Illinois Sen. Dick Durbin urged a Chicago-based company to cancel layoffs after hearing about a plan to replace American workers with foreign workers in a Senate Judiciary Committee meeting.
(TNS) -- Corporate layoffs are so routine that they usually don't attract much attention among lawmakers in Washington, D.C. But Abbott Laboratories' recent move to outsource some information technology jobs has come under scrutiny from Sen. Dick Durbin.
The Illinois Democrat is upset about reports that the health care company, based in north suburban Abbott Park, is replacing American workers with foreign workers. In a letter to CEO Miles White released Monday, the senator urged Abbott to cancel the layoffs.
"It should go without saying that such harsh and insensitive conduct is not justified by whatever marginal financial benefit might accrue to your company, which is already making billions of dollars in profits every year," Durbin wrote.
Abbott spokesman Scott Stoffel declined to comment on Durbin's criticism.
The company hasn't publicly disclosed any layoffs in recent weeks. Durbin heard about the planned dismissals during a Senate Judiciary Committee hearing last week on the impact of temporary visa programs, including H-1B's, used to bring immigrants, mainly from India, for technology work.
The senator's staff then spoke with some Abbott workers who confirmed the layoffs, according to Durbin's letter.
Durbin's letter said 180 Abbott employees were given 60 days' notice and told their last day will be April 22. People who lost their jobs also were told they would have to train their replacements, adding insult to injury, the letter said.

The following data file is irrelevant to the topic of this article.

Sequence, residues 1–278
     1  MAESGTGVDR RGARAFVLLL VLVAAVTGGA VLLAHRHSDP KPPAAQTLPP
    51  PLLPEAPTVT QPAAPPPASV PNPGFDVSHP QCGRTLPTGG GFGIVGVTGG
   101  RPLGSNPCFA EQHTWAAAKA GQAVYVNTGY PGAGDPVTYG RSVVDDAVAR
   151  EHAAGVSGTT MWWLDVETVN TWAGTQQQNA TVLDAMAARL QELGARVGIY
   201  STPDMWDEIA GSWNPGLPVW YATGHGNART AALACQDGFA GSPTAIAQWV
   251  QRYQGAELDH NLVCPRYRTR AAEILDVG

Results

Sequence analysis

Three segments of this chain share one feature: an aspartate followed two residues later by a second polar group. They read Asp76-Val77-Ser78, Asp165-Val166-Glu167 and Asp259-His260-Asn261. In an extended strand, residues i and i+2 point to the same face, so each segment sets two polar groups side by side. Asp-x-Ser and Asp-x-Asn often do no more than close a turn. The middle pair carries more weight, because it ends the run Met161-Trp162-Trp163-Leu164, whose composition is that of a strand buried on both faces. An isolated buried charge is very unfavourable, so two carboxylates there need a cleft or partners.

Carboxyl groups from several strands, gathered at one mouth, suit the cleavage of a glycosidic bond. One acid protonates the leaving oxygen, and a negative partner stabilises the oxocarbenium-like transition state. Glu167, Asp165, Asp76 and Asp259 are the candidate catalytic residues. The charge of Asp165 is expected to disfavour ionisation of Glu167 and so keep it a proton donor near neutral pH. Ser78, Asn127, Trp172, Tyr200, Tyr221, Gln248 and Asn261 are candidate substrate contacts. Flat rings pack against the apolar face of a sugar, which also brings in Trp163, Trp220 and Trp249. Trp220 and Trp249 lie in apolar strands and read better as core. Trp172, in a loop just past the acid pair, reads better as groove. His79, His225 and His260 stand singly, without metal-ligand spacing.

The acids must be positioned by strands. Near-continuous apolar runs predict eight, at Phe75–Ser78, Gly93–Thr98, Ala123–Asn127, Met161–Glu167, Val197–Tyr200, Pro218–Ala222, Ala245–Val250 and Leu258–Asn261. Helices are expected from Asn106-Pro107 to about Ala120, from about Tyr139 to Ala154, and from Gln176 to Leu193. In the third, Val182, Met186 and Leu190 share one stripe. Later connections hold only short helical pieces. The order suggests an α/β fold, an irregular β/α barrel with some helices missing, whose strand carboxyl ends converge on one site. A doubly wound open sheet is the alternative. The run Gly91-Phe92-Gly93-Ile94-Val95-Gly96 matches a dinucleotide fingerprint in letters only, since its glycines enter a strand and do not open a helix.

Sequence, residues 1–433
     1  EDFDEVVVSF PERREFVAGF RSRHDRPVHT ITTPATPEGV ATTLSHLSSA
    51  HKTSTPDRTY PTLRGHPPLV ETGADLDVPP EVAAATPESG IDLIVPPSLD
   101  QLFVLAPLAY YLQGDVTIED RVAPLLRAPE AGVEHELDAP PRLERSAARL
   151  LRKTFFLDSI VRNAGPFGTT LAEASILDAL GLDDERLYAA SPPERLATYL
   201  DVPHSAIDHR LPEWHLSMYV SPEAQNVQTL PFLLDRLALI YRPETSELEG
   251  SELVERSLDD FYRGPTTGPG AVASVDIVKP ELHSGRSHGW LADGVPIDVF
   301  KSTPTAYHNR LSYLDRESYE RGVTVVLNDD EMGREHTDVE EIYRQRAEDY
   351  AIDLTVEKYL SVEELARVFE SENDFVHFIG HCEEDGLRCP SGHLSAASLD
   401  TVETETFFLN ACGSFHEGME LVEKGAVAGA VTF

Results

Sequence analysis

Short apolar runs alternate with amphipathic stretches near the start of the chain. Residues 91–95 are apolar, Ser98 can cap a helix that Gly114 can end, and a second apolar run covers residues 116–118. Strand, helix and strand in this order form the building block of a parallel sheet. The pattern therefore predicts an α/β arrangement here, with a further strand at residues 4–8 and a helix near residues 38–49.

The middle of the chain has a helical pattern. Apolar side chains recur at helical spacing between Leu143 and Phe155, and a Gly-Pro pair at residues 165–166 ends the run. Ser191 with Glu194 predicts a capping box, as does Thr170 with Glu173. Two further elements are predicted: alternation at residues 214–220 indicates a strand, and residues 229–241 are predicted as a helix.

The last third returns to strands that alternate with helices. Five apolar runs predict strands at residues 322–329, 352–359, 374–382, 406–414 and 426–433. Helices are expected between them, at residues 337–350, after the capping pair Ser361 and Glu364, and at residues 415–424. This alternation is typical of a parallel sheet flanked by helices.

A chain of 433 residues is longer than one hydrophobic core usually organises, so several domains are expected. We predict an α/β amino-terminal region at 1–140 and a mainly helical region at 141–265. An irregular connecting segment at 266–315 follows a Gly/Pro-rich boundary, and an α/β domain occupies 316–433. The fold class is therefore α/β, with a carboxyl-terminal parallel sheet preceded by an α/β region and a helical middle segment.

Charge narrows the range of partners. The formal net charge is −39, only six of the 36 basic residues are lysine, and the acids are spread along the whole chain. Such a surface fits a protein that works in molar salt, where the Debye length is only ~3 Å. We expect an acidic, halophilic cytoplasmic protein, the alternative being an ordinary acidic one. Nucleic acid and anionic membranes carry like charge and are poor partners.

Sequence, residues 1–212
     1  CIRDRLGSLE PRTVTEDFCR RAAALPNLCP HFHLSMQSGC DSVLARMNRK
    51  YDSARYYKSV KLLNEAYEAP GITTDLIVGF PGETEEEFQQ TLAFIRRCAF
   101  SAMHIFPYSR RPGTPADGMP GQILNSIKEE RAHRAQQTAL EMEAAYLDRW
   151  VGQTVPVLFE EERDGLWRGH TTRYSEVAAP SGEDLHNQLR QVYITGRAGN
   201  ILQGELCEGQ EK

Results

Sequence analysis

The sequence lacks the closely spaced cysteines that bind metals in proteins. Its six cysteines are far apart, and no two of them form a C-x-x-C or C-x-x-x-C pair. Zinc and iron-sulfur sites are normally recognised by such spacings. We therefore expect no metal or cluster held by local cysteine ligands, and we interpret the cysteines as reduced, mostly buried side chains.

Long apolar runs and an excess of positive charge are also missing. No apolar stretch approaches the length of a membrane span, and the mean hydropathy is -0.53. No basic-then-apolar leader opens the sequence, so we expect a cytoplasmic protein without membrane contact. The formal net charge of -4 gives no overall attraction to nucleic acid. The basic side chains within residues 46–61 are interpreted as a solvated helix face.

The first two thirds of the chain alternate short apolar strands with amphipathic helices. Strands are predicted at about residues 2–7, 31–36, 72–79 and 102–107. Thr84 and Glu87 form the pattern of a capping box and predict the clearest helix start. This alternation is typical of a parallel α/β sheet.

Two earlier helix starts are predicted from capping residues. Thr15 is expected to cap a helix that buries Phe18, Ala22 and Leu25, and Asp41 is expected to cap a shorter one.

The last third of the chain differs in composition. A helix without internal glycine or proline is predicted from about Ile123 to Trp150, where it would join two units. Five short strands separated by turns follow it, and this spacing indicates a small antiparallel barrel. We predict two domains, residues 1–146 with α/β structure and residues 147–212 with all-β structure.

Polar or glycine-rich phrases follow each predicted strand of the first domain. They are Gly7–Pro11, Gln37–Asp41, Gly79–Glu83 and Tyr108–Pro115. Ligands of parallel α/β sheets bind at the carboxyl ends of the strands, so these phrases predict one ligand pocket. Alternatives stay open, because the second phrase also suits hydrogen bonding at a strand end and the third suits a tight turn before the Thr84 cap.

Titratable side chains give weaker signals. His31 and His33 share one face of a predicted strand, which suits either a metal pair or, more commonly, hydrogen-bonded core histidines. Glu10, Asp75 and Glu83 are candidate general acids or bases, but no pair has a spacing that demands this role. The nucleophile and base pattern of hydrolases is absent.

Abbott awarded an outsourcing contract to Wipro, a large India-based IT services firm, according to Durbin. After they are trained, the foreign workers will do these jobs outside the United States, his letter said.
Stoffel would only confirm that the company "recently outsourced some IT capabilities." He declined to confirm any details of the layoffs that Durbin disclosed.
"We're retaining the vast majority of our U.S.-based IT jobs," Stoffel said in a statement.
Durbin has been a big critic of the H-1B visas, which were intended to fill labor gaps in highly specialized areas that couldn't be filled by Americans. Instead, Durbin argues, the guest worker program has been exploited by U.S. companies to save labor costs. Media have recently reported on a number of companies, including Disney, Hertz and Toys R Us, that have fired American workers and replaced them with immigrants from an outsourcing company.
The news reports have spurred calls to reform the visa program to protect American workers.
Durbin said in his letter to Abbott's CEO that "gaps in current law are no excuse for your company to treat your employees so unfairly."
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